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Carole Baskin Says She's Received Death Threats After 'Tiger King'

“I just feel so angry that people have totally missed the point,” Carole Baskin said of Netflix's hugely popular  "Tiger King," saying the docuseries focuses on salacious details rather than animal mistreatment. 

By Jill Sederstrom
Carole Baskin 3

While America has been captivated by the bizarre tale of a colorful roadside zoo owner-turned-convicted felon in Netflix’s hugely popular "Tiger King," the media attention has not been kind to animal sanctuary owner Carole Baskin.

Baskin—who participated in the docuseries along with her husband Howard Baskin—has been receiving death threats, harassing phone calls and unwanted guests outside the gates of her property in the weeks since the docuseries began streaming, she told The Tampa Bay Times.

Baskin said she feels filmmakers mislead her about the project, portraying the film as a documentary to expose the cruelty of the tiger trade.

“I just feel so angry that people have totally missed the point,” she said of the viral hit. “And the point is these cubs are being abused and exploited and the public is enabling that.”

Instead, Baskin found her own personal life a central theme of the series. Filmmakers suggested at one point that Baskin may have played some role in her ex-husband Don Lewis’ 1997 disappearance, a theory that her rival and focus of the series, Joe Exotic, also regularly promoted.

Baskin has denied she had any involvement in the disappearance and Hillsborough County Sheriff’s spokesperson Merissa Lynn told the local paper that while they have not ruled anyone out in the disappearance, Baskin isn't considered a suspect.

But the fascination with the docuseries and Baskin herself has earned the Big Cat Rescue animal sanctuary owner some unwanted attention.

She said she’s had drones flying over her home, as many as 30 people a day lingering at the sanctuary gates and has even received death threats.

Baskin posted a compilation clip of death threats she has received — nearly an hour’s worth — to her Facebook on Wednesday. The clip is filled with several dozen calls. While some calls seem like pranks, plenty of them contain death threats. The very first caller talks about “putting a bullet between your f---king eyes.”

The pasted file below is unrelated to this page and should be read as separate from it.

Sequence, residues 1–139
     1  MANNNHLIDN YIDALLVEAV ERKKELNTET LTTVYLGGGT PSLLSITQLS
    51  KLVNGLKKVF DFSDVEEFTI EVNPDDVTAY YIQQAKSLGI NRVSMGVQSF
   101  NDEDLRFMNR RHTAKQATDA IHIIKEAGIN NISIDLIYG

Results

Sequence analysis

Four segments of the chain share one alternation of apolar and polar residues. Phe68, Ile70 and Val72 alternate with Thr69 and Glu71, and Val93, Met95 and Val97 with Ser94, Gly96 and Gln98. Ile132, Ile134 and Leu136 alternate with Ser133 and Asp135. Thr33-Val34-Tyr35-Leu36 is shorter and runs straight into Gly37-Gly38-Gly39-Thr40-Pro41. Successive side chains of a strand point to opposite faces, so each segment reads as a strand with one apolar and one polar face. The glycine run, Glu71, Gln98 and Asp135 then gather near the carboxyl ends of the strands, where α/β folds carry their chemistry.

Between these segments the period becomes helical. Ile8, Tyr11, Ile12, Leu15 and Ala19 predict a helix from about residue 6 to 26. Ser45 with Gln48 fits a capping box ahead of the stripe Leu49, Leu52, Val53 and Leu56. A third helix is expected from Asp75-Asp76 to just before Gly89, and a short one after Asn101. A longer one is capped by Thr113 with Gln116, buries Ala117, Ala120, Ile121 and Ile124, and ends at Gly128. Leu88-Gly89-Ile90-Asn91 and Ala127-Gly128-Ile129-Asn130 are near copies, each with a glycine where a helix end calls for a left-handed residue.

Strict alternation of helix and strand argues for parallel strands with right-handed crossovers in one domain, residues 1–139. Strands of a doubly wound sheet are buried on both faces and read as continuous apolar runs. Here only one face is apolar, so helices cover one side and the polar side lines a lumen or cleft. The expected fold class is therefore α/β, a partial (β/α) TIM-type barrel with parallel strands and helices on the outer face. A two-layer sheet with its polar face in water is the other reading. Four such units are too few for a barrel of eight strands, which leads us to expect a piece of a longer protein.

Baskin told Oxygen.com that the calls were made after March 20.

“I have a pile more already, even though I just created that a couple days ago,” she wrote over email.

She pointed Oxygen.com to more videos she made, addressing the allegations made by her harassers.

“What kind of people believe what they see on TV without doing any research or critical thinking?” Baskin wrote in a brief commentary she posted along with the death threats. “Warning this is extremely graphic and difficult to listen to or read. No animal abuse photos though; thankfully.”

The sanctuary closed its doors to the public on March 16 in response to the coronavirus.

Baskin said she's stopped riding her bike the 30 minutes each day from her home to the sanctuary because of the public attention and while she normally takes calls from law enforcement or veterinarians about cats that need to be rescued, she’s now screening her calls.

“I’ve had to turn my phone off,” she said. “I can’t tell the real ones from the fake ones because they’re always out-of-state numbers anyway.”

Her biggest complaint, however, has been that she believes the docuseries failed to expose the abuse and breeding of big cat cubs.

“There are not words for how disappointing it is to see that the series not only does not do any of that, but has had the sole goal of being as salacious and sensational as possible to draw viewers,” she wrote on her website in response to "Tiger King."

Howard Baskin also told the local paper there was “no way to describe the intensity of the feeling of betrayal.”

Carole Baskin said when she agreed to participate in filming, she believed the docuseries would do for big cats what “Blackfish” did for orcas at SeaWorld.

Filmmakers Eric Goode and Rebecca Chaiklin responded to Baskin's criticism in an interview with the Los Angeles Times.

“I would just say we were completely forthright with the characters,” Chaiklin said. “With any project that goes on for five years, things evolve and change and we followed it as any good storyteller does. We could have never known when we started this project that it was going to land where it did.”

Goode also responded saying that Baskin openly discussed aspects of her life on camera.

“Carole talked about her personal life, her childhood, abuse from her first and second husband, the disappearance of her ex, Don Lewis. She knew that this was not just about … it’s not a 'Blackfish' because of the things she spoke about,” he said.

Baskin told The Tampa Bay Times she discussed aspects of her personal life because she thought it was being used for background.

Despite the unwanted attention, Baskin and her husband said they are still hopeful that the public interest in the docuseries will spark attention from law enforcement about the abusive nature of the tiger trade.

“We’ve all been screaming at the top of our lungs for 20 years that this abuse is happening and no one was listening,” she said. “Now that the abuse is so apparent, I hope it will encourage them to take action on it and inspire Congress to do what they can to end cub-petting and private possession of big cats.”

Exotic is currently serving 22 years behind bars for attempting to hire a hitman to kill Baskin and killing five tigers to make room at his zoo.

Gina Tron contributed to this report.

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